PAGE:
Why would a priest not stop to help? Aren’t they supposed to be the good guys, the ones whose job it is to represent God? What’s going on? Why would a priest just walk past without helping?

Turns out, when you look into the social dynamics at play, there are a lot of reasons – not the least of which was social class. Priests in Jesus’ day were among the powerful elite. They were wealthy. In the absence of a king, they were the ones who called the shots, particularly after they sold out to the Romans in exchange for power. And they didn’t get involved with the lower classes – if they could help it.

So when a priest came across a naked guy in a ditch beside the road, for reasons of social status alone, he was likely to pass by. In fact, Jesus’ working-class audience probably rolled their eyes when they heard his story – ‘typical of the upper class’.

But he wasn’t just rich and powerful – he was also a priest. They had special rules about what they could and couldn’t do, to ensure they remained pure. Except in the case of a very close relative who needed burying, they weren’t supposed to touch a dead body – and this guy in the ditch, well, he might have been dead! And if they touched him, that would mean for the next seven days they were considered unclean, and therefore unable to do their job. Even then, they’d have a whole load of purification rituals and sacrifices to offer. I mean, think of the inconvenience! Think of the wasted time!

I know what this is like, as it happened to me a few of years ago. I was just about to head off to a church meeting one night, and one of our neighbours turned up at our door and gave me a dead body they’d found lying in the gutter outside our house. OK, it was one of our pet rabbits, not a person, but it was still kind of gross. And it held me up a good fifteen minutes as I had to do something with it and then disinfect my hands. So from my experience, dead bodies do tend to hold you up from doing ministry. I’m sure in the mind of the priest, that was another reason not to stop and help.

And then, of course, there was the instinct for self-preservation. As we said before, it was a dangerous stretch of road – and clearly, there were robbers who were still probably in the area. To stop and help would put him in danger as well. Best walk by quickly so as not to become a victim yourself!

So if we were to re-tell this story in a 2014 version, what might it look like? Maybe a certain man is walking home one night through a dangerous part of the city; he’s mugged, beaten and left for dead. A pastor of a mega-church approaches in his Audi, having already made sure all his doors were locked as soon as he entered that part of the neighbourhood; he artfully changes lanes to go around the man, without missing a beat in the mobile phone conversation he’s having with one of his ministry team. A deacon of a local church also drives past on the other side. He’s already late to a committee meeting and besides, this guy was in a well-known red-light district – what would people think if he were seen pulling over at this time of the night? With a naked guy who had passed out?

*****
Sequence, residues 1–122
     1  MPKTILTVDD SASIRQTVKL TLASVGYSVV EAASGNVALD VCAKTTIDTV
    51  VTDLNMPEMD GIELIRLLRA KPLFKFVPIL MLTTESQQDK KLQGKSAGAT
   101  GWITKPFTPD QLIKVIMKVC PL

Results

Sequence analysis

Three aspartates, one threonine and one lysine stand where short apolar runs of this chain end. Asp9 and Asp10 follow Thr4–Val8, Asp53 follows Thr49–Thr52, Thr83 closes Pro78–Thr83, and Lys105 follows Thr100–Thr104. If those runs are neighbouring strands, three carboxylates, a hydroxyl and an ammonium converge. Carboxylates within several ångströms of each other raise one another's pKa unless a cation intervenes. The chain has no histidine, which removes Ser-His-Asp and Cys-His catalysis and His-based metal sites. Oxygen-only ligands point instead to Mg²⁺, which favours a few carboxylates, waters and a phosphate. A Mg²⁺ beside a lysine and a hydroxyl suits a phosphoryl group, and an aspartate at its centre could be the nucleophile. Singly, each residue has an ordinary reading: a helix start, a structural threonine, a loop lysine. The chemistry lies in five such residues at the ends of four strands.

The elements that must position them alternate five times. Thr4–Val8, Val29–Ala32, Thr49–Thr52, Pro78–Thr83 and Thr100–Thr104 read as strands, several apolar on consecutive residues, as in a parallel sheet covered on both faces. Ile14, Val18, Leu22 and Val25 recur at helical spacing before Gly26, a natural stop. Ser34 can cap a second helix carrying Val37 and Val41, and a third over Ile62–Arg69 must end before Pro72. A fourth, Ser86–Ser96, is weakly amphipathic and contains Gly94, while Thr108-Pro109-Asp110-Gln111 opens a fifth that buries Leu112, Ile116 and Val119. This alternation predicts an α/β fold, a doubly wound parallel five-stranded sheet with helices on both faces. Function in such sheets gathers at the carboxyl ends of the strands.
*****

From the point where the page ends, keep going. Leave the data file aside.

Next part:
Three reasons not to stop:

  • status – I’m too important to stop
  • purity – I’m too busy with my ministry to suffer the inconvenience
  • self-preservation – I’m too scared to put myself in danger

To think about

How often are they the same reasons we don’t stop to help people. We might not consciously think in status terms – ‘I’m too important’; but is that because our social status has such a bearing on the way we arrange our lives that we don’t often come into contact with the poorest and most disadvantaged in our society? Is our daily routine designed to shield us from those who need help?

And what about being too busy to go out of our way, so that we do come in contact with those who most need help? Too busy with things that are in themselves good, like our work, our family, even our ministry?

Or again, do we so arrange our lives as to avoid danger to ourselves: the places we go, the people we associate with, the types of people we invite into our homes – avoiding the people who might not respond well to the grace you are offering, even take advantage of your kindness?

That is, do we shield ourselves from being well placed to help others for those same three reasons?